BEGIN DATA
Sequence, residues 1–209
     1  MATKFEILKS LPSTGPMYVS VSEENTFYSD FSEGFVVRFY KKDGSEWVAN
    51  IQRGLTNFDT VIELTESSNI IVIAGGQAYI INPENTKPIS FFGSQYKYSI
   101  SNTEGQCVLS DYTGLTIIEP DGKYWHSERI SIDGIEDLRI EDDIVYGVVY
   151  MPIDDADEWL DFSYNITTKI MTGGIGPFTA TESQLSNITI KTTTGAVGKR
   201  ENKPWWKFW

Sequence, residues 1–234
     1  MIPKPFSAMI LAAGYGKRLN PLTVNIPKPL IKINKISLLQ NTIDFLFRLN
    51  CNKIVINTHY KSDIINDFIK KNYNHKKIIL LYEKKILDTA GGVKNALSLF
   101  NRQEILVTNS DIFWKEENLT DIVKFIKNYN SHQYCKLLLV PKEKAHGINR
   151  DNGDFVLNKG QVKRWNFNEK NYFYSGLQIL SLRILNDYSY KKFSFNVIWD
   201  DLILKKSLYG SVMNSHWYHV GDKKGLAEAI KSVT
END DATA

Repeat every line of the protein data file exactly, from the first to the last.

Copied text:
Sequence, residues 1–209
     1  MATKFEILKS LPSTGPMYVS VSEENTFYSD FSEGFVVRFY KKDGSEWVAN
    51  IQRGLTNFDT VIELTESSNI IVIAGGQAYI INPENTKPIS FFGSQYKYSI
   101  SNTEGQCVLS DYTGLTIIEP DGKYWHSERI SIDGIEDLRI EDDIVYGVVY
   151  MPIDDADEWL DFSYNITTKI MTGGIGPFTA TESQLSNITI KTTTGAVGKR
   201  ENKPWWKFW

Sequence, residues 1–234
     1  MIPKPFSAMI LAAGYGKRLN PLTVNIPKPL IKINKISLLQ NTIDFLFRLN
    51  CNKIVINTHY KSDIINDFIK KNYNHKKIIL LYEKKILDTA GGVKNALSLF
   101  NRQEILVTNS DIFWKEENLT DIVKFIKNYN SHQYCKLLLV PKEKAHGINR
   151  DNGDFVLNKG QVKRWNFNEK NYFYSGLQIL SLRILNDYSY KKFSFNVIWD
   201  DLILKKSLYG SVMNSHWYHV GDKKGLAEAI KSVT